After George Floyd died at the hands of Minneapolis Police Department officers three years ago, the University of Chicago provost issued a stern announcement noting the “intractable scourge of racism against minority communities, particularly African Americans.” Such moral fervor was absent in UChicago’s statement in response to Hamas militants invading Israel and butchering over 1,400 (mostly) civilians, including at least 33 Americans.
The contrast in language between the statements couldn’t be clearer. Emotionalism permeated UChicago’s response to Floyd’s death, which notes that “the death of George Floyd in Minneapolis and a number of other racially motivated incidents . . . represent a small fraction of the bias and violence that occurs around the U.S. and around the world.”
By contrast, UChicago was muted in responding to Hamas’ barbarity, saying merely that it “recognize[s] that the loss of life, casualties, and escalating conflict bring pain and distress for those in our community.”
Another point of contrast is that the UChicago administration’s initial response to Floyd’s death promised “more information about opportunities for our community to come together in dialogue about these issues,” and the several statements that followed presented the university’s new initiatives to address “racism that has long permeated our society.”
Meanwhile, the conduct of Hamas—an internationally recognized terrorist organization—was the subject of only one, cold, descriptive announcement from UChicago.
Max Parness, an undergraduate who is an active member of Hillel, a campus Jewish association, told the Thinker that “the university has remained consistent in maintaining its nonpartisanship on international issues.” He noted, however, that “a stronger statement need not preclude the right for each side to demonstrate.”
“I was not surprised by the university’s hesitance on the [Israel] issue, and I know that some other students were disappointed—understandably so,” Parness added.
UChicago Can’t Have Its Cake and Eat It Too
Tom Ginsburg, a professor at the UChicago Law School and the director of the new Forum for Free Inquiry and Expression, told the Thinker that the administration’s limited commentary on Israel is reflective of the university’s political neutrality.
“The Kalven Report forbids the University or any of its units, including departments, from taking a stance on the issues . . . unless they directly affect the university,” Ginsburg informed the Thinker. “Obviously, it is a judgment call as to what conditions justify speaking out. My view is that the exceptions should be very narrow.”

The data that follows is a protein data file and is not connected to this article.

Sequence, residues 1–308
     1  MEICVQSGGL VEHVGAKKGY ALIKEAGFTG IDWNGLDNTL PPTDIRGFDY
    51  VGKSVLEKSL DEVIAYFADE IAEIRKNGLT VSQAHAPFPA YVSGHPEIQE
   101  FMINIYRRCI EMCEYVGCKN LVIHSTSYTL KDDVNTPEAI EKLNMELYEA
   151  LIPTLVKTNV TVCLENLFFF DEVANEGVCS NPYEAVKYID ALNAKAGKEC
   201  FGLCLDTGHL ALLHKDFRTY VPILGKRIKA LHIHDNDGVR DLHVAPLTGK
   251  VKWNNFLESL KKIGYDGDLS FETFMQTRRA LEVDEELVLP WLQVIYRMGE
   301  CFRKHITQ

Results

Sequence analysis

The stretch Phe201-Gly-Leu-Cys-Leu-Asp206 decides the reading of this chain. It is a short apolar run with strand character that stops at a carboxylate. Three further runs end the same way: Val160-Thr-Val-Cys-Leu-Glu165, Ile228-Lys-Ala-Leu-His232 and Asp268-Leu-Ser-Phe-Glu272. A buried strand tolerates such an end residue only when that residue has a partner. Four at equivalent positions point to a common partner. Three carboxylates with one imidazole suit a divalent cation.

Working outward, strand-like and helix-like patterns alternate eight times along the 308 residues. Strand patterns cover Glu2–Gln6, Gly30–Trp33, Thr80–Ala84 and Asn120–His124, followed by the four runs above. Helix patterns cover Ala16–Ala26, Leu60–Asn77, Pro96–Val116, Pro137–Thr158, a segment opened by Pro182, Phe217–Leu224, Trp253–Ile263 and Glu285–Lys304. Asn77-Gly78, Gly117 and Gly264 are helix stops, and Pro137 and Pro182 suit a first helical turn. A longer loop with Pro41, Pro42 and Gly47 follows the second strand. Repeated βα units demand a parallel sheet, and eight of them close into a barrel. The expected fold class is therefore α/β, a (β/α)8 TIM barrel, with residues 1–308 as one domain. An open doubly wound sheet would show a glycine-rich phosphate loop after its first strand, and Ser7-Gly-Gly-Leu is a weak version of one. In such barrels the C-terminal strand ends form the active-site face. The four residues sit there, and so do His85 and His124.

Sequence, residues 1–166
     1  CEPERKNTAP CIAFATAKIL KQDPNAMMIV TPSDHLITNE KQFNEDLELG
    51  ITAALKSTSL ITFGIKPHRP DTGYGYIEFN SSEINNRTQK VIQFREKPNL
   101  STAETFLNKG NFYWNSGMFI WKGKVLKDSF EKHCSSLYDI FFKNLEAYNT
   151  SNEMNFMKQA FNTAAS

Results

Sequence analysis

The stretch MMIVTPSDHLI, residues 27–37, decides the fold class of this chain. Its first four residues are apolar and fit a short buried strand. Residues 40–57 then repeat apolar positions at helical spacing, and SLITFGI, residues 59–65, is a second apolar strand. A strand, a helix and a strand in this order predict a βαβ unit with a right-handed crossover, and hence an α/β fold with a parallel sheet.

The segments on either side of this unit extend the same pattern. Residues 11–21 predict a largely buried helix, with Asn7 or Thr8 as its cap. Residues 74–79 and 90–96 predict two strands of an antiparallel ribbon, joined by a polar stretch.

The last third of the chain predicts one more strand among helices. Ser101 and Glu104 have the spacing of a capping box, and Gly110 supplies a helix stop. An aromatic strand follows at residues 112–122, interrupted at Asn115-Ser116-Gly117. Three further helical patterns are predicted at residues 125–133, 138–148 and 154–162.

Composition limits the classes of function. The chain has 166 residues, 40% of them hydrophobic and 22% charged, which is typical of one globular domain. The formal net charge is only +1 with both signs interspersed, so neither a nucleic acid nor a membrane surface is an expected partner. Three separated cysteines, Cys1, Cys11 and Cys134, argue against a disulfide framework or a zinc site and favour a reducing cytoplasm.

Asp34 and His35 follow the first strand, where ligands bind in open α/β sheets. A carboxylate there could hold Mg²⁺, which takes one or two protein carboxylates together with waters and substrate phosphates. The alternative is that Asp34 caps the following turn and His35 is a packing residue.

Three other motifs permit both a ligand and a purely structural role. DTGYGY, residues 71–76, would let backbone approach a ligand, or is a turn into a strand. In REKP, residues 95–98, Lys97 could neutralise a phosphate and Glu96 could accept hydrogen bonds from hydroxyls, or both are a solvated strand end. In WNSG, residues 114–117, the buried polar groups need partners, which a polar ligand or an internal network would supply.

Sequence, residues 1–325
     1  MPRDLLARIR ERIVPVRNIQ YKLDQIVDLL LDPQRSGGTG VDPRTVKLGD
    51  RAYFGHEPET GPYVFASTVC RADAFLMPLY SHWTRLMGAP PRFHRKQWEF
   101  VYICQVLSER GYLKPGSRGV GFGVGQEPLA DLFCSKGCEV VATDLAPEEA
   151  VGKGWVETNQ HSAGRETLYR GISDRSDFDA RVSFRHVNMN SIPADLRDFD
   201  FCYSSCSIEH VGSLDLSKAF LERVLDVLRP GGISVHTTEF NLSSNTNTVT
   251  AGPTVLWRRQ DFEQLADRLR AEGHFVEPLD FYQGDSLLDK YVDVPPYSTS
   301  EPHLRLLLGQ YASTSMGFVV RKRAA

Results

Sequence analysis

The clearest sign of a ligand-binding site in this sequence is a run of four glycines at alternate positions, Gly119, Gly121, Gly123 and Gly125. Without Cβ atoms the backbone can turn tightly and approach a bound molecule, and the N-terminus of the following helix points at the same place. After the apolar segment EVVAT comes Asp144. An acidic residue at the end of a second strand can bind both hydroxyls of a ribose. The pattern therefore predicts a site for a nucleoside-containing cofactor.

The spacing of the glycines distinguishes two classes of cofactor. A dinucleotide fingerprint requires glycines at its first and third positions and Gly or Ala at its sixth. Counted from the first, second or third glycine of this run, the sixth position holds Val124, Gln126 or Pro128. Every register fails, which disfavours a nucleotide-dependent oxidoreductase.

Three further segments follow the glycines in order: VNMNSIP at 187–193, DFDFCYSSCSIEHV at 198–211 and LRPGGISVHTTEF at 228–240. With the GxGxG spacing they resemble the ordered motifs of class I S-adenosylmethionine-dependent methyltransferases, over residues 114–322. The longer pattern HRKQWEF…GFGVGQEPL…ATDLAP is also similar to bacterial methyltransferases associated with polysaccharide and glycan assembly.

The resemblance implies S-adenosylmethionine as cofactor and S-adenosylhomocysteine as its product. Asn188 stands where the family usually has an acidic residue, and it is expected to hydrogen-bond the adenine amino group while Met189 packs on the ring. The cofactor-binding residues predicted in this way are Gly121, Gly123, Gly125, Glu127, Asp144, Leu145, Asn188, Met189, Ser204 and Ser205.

Ginsburg is certainly correct that the university must tread waters lightly concerning responses to profound world events, and administrative avoidance of political topics is imperative and respectable. However, with the statements that the university published during the George Floyd protests remaining online and unaltered, the administration must take care to avoid the appearance of troubling political inconsistencies.
If the university believes that the exigency of statements on slavery and Jim Crow transcend its mandate to stay politically neutral, then the administration is remiss not to mention challenges Jews have faced at home (e.g., having been barred from American academia) and atrocities perpetrated against them abroad.
After all, injustices perpetrated against Jews are, like slavery and Jim Crow, clear instances of “bias” and “violence.” And if the death of one American at the hands of police demands an administrative statement, then so does Hamas militants’ recent slaughter and kidnapping of dozens of Americans.
Even Harvard Has Us Beat
Consider UChicago’s peers. Even Harvard University President Claudine Gay issued a statement condemning the terrorist attacks, albeit after much criticism. University of Florida President Ben Sasse’s announcement left fewer questions still: “I will not tiptoe around this simple fact: What Hamas did is evil and there is no defense for terrorism. This shouldn’t be too hard.”
Sasse gets to the point. Acts of terror are acts of terror, regardless of the context or perpetrators. Condemning barbaric acts of incineration, plundering, and beheading caught on camera and fostering necessary discussions on the broader Israel–Gaza conflict are not mutually exclusive.
To avoid the appearance of political inconsistency, UChicago could have followed Harvard’s and the University of Florida’s examples and made clear that acts of terrorism warrant strong condemnation, whilst clarifying a steadfast commitment to political neutrality.
Denouncing terrorism affecting U.S. civilians directly (and a significant percentage of the student body indirectly) does not entail political favoritism. Nor, as Parness noted, does it entail discrediting Palestinian liberation protests.
* The views expressed in this article solely represent the views of the author, not the views of the Chicago Thinker.